I’ve got nothing to say, but it’s OK

My friends at The Dihedral put up another thought-provoking post this week. The jumping-off point was the TV show “House”. They used it to talk about making excuses and not having enough time to do what you want. “If you want to do something, you do it”, they quote House as saying.

I put in my two cents as a comment, then realized I had more like two bits to say, so took it over here. Since we’re using pop culture as a jumping off point, I’m going with Frank Capra’s 1946 film, “It’s a Wonderful Life”.

In that film (I hope I’m not giving away any 73 year old spoilers), the protagonist, George Bailey, has big dreams. He repeatedly puts those dreams aside to fulfill his obligations. When he calls the antagonist, Mr Potter, “a warped, frustrated old man”, Potter asks what he is other than a “warped, frustrated young one.” On the verge of suicide, George gets to see what the world would have been if he’d never been born and has an epiphany.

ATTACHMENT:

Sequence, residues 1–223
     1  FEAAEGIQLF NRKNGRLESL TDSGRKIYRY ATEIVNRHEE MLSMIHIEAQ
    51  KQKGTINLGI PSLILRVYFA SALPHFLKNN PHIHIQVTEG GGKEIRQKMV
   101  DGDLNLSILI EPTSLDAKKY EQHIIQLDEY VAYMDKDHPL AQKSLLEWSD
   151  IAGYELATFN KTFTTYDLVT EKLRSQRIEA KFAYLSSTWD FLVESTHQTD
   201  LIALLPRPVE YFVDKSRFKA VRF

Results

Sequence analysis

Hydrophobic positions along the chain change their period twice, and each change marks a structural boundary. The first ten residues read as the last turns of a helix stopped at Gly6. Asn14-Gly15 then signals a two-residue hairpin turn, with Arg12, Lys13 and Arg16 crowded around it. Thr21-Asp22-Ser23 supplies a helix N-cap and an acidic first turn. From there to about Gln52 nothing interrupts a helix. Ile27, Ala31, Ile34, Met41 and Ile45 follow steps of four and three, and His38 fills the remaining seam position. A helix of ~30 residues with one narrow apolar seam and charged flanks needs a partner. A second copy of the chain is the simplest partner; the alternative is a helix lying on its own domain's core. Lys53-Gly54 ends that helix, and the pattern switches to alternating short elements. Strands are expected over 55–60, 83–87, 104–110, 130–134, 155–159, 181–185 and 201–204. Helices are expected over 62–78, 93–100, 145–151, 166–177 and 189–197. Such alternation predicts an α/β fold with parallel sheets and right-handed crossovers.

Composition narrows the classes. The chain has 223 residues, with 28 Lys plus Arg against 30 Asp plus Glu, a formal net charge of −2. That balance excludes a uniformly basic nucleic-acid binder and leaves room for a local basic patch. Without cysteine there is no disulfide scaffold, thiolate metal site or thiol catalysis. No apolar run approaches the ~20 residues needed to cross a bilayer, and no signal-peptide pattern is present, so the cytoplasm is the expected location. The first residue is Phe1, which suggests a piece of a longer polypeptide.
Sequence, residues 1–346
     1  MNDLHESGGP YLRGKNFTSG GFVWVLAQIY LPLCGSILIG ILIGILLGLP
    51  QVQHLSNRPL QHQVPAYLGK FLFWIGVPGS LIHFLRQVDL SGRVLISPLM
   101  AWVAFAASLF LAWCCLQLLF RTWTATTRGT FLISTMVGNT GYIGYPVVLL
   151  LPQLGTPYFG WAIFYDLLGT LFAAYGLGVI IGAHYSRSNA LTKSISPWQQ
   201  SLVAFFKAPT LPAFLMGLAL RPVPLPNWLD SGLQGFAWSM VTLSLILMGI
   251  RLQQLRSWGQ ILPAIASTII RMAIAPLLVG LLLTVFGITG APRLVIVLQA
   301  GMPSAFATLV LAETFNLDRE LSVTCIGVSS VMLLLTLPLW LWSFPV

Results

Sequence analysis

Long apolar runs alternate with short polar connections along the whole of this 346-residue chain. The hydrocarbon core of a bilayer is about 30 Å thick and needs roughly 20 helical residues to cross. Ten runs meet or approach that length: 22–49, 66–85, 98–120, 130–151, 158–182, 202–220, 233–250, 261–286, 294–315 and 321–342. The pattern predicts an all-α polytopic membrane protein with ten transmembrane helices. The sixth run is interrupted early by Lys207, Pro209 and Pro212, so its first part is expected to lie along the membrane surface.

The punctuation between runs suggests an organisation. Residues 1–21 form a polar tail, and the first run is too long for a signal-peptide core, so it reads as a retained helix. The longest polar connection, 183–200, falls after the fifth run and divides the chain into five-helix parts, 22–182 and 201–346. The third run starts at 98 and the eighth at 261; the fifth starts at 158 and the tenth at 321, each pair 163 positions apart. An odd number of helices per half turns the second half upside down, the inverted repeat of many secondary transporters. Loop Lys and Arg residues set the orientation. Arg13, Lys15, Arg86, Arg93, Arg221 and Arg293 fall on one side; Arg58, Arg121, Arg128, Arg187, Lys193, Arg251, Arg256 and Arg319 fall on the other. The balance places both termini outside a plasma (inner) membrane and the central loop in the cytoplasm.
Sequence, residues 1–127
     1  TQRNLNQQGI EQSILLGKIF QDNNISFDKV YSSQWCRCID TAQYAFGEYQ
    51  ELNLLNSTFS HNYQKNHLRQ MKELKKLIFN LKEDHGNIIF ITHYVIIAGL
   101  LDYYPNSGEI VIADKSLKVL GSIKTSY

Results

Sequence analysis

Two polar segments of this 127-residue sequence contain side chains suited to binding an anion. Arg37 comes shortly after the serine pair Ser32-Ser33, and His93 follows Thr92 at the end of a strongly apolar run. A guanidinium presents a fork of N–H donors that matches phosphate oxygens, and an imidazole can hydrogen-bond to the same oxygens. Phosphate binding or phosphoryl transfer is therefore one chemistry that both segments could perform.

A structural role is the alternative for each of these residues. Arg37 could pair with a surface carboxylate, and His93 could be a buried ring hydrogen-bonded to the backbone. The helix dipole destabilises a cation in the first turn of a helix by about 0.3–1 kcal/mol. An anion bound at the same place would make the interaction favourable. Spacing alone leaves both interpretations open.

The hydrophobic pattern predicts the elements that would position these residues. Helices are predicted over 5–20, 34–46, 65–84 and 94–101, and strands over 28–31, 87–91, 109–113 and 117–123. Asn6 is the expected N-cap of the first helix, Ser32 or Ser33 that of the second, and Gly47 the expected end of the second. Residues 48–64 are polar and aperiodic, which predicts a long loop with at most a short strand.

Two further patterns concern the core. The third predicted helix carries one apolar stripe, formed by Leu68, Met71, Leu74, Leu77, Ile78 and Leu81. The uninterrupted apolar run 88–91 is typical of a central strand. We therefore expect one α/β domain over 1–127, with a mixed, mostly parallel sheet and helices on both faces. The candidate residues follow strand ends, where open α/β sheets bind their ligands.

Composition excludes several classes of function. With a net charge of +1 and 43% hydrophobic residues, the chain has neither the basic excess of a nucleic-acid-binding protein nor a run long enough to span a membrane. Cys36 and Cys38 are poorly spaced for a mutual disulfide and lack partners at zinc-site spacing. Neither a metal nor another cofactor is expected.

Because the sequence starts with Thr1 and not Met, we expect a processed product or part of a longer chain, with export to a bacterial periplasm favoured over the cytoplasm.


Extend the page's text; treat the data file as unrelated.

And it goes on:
I am going to assert that we are already getting what we want. Exactly what we want. But we lie to ourselves about it.

Let’s take a small example. I want to watch TV. I have to take out the garbage. I skip my TV show, take out the garbage, and feel resentful. Let’s reframe that. I want to take out the garbage. Why? Maybe I have a partner/roommate/parent who told/asked me to, or it’s my agreed-upon job. Maybe I have thought ahead and realize I don’t want to live in a pig sty. Maybe I realize that garbage attracts vermin, I don’t want vermin, and vermin are harder to get ride of than garbage. Maybe I like feeling resentful.

Whoa! What was that? Maybe assigning blame is more satisfying than taking responsibility. Maybe, if I can blame someone else for missing my TV show, and blame someone else for a lot of other small things, I can escape responsibility for my generalized unhappiness. Maybe it’s all someone else’s fault!